Professor Gordon Chavunduka, the late president of the Zimbabwe National Traditional Healers Association, who was laid to rest at his farm Wednesday, in his lifetime fought hard to get the Witchcraft Suppression Act amended. After massive pressure from the late traditionalist and academic, president Robert Mugabe was in 2006 forced to begin measures to repeal a century old Rhodesian legislation that criminalized anyone who accused another person of practicing witchcraft. The president eventually bowed down to Chavunduka’s pressure to recognize the existence of supernatural powers and witchcraft.
Professor Chavunduka who passed away last Friday after succumbing to throat cancer’s goal was to have all people caught practicing witchcraft prosecuted.
In an increasingly changing world, the likes of Chavunduka and members of the 50 000-strong ZINATHA group wanted the traditional practices to move along with the changing world. Even though it might have taken a hundred years for witchcraft to be recognized officially by the state, it was a major victory for Chavunduka but hardly enough.
“Witches are the same as murderers.”
In this modern world, traditional beliefs and practices are losing a place in today’s world. Professor Chavunduka was determined to make parliament pass legislation that would result in the criminalization of witchcraft. His ultimate goal was to make and push for parliament to make both formal and traditional courts try cases of witchcraft.
To the late former UZ vice-Chancellor, witches were seen in the same context as murderers and thus he wanted people caught practicing witchcraft to receive the same fate as that of murderers and any other such extreme criminals. As a full fledged member of the MDC-T family who joined the MDC at its formation in 1999, his dreams of prosecuting witches were largely pinned on the MDC-T coming into power as some of his ideals are entrenched in the MDC-T manifesto.
Professor Chavunduka blamed the rise in witchcraft in Zimbabwe on the economic hardships the people are facing. “Witchcraft and tokoloshis
are making a comeback. It’s obvious that the cause is economic. The worse the economy gets, the more political tension there is in
society, the more frustrated and frightened people get, they turn to witchcraft to gain riches or hurt their enemies,” he said when the
Witchcraft Suppression Act amendment was signed by the president in 2006.
Who is a witch?
Whilst those thoughts of prosecuting witches might have appealed to some quarters within his MDC-T, the same cannot be said to the rest. Witchcraft is nothing but a name-calling game and under our current laws how do you go about proving that indeed one was bewitched?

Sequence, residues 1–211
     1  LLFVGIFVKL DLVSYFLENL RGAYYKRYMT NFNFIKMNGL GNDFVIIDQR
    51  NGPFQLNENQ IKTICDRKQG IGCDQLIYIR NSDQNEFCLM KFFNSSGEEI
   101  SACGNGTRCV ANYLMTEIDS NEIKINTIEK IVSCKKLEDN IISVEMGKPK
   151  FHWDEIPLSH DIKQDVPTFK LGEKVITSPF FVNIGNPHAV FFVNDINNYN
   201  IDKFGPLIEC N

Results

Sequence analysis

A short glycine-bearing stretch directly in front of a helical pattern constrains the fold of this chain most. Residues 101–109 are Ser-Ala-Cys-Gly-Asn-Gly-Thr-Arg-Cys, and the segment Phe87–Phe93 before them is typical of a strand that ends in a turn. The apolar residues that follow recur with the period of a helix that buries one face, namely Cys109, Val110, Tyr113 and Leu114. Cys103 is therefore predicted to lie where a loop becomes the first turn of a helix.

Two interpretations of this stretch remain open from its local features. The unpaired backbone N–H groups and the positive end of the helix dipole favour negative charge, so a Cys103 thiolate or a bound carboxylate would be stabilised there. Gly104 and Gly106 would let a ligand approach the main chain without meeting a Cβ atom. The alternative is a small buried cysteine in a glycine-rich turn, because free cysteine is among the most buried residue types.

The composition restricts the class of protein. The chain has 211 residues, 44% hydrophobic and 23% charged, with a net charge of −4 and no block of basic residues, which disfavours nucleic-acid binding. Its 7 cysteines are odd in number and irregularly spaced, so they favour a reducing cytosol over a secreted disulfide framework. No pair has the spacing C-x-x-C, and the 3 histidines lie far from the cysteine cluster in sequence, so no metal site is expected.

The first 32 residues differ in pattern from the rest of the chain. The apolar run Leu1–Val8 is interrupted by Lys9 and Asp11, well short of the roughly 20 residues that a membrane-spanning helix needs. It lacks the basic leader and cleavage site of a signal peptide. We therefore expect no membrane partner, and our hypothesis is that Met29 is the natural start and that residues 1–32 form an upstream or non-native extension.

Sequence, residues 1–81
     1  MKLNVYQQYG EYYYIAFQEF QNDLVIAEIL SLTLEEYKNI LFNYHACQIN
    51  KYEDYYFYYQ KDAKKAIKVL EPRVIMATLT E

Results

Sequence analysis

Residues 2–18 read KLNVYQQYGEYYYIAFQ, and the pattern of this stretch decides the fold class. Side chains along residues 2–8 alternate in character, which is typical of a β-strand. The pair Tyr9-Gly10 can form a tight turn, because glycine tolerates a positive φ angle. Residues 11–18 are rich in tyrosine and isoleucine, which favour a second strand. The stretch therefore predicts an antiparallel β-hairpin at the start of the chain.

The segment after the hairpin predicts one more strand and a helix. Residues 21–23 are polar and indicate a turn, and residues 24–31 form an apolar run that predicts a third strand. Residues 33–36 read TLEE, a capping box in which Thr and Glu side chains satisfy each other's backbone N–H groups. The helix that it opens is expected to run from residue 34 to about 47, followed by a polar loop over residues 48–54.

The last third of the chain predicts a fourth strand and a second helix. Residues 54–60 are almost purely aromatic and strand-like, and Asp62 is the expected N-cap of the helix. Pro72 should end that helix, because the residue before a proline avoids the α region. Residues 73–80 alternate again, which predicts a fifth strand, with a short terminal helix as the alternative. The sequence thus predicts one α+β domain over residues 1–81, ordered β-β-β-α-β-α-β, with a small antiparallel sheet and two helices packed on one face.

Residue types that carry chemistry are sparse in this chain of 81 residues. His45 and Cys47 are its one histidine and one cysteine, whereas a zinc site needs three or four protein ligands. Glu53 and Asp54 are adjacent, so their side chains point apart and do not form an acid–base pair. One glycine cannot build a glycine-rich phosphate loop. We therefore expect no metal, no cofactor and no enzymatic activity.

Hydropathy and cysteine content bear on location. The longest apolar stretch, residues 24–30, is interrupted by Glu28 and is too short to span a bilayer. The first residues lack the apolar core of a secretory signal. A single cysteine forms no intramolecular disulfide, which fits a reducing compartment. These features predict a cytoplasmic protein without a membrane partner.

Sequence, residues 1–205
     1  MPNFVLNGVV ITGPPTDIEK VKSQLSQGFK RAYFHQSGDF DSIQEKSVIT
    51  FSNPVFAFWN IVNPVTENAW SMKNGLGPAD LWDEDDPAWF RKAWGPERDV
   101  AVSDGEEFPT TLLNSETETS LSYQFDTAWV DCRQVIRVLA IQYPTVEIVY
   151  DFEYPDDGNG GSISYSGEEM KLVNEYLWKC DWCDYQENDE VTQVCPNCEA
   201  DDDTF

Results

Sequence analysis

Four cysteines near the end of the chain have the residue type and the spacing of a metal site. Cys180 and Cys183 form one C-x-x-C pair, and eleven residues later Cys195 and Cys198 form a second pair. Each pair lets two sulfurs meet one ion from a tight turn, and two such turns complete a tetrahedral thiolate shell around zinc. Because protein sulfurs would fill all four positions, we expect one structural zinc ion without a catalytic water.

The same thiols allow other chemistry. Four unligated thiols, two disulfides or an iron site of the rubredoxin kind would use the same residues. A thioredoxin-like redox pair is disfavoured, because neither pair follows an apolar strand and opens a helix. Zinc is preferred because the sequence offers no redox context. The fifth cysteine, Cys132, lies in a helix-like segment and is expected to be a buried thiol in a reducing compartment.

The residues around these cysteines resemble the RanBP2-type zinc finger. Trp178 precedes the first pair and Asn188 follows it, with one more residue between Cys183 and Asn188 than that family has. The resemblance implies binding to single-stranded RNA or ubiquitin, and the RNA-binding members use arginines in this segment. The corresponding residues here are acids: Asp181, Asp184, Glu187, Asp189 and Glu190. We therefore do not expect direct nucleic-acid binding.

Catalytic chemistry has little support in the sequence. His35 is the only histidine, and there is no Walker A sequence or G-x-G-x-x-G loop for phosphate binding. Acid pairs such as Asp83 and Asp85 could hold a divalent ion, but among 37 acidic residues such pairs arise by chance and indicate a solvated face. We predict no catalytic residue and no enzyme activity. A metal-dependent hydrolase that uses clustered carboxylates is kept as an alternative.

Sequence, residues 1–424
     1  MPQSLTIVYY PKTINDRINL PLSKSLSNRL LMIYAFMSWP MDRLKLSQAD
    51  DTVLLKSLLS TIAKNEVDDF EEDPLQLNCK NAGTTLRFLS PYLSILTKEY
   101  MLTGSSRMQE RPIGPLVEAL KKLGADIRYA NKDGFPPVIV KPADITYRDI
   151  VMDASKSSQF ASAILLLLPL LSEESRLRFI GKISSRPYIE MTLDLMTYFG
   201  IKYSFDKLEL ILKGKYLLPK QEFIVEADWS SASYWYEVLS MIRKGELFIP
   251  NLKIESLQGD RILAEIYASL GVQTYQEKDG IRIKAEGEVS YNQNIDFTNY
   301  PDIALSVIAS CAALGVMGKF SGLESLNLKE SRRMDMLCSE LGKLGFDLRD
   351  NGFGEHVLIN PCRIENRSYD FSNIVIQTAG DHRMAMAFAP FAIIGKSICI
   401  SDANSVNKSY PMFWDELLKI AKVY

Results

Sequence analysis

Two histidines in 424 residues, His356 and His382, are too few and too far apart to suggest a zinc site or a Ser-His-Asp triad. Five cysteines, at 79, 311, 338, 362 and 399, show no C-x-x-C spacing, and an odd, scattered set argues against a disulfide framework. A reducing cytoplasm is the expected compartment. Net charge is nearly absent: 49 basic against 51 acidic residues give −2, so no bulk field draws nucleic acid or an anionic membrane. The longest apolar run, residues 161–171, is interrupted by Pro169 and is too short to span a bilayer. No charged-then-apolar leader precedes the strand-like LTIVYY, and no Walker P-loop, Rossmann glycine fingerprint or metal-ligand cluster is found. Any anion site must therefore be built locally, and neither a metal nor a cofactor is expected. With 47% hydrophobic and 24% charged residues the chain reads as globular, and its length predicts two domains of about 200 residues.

It is unfortunate that Professor Chavunduka died before the MDC-T got into power, going to the grave with his ideals of prosecuting witches.
There is no denying that in our tradition, supernatural powers are there and rife in the rural areas but where can we put them in our current legal system? In the rural areas you will hear these stories of people dying mysteriously, getting sick, losing or alternatively getting fortune and we have gotten accustomed to that and taking such incidents to the courts is problematic. The law of evidence is literally inapplicable to such cases. The reason why the settlers criminalized witchcraft in the first Witchcraft Suppression Act was because many people had been burned in Europe in the earlier centuries when people accused them of witchcraft.
It makes the job of the police hard because it is impossible to determine how one is a witch. Commenting on the Witchcraft Suppression
Act in 2006, police spokesman, Assistant Commissioner Wayne Bvudzijena said the proving witchcraft is not something that the police can do.
“Witchcraft is not an area that lends itself to police scrutiny. How do you verify an evil spell? This is a matter of spiritual faith, not
a matter of empirical faith,” he said.
If witches are to be prosecuted for their witchcraft activities, a whole new debate is certainly to spring following such judgement. That alone will automatically puts prophets and faith healers in just about the same pot. It will thus be a crime for prophets or faith healers who proclaim wrong prophecies.
Cases of witchcraft mostly come out when one visits prophets, faith healers or the traditional healers and thus, if it cannot be proven that one is indeed a witch, then it would be fair to prosecute those who make the false prophecies.
Whilst Professor Chavunduka’s ideas of prosecuting witches in Zimbabwe might have sounded revolutionary, it was nothing but more
than a dream, a dream that unfortunately was never fulfilled in his time. Whether his peers in the MDC-T will make his dreams come true
when they come into power, if they ever do, remains to be seen.
At the time of his death, Chavunduka was the Chairman of the MDC-T Guardian Council. Addressing mourners on Monday, Prime Minister Morgan Tsvangirai paid tribute to one of its great sons. “At MDC-T Chavunduka was an invaluable reservoir of political advice. MDC has lost a real champion.”
David Hwangwa is a Human Rights Activist and Political Commentator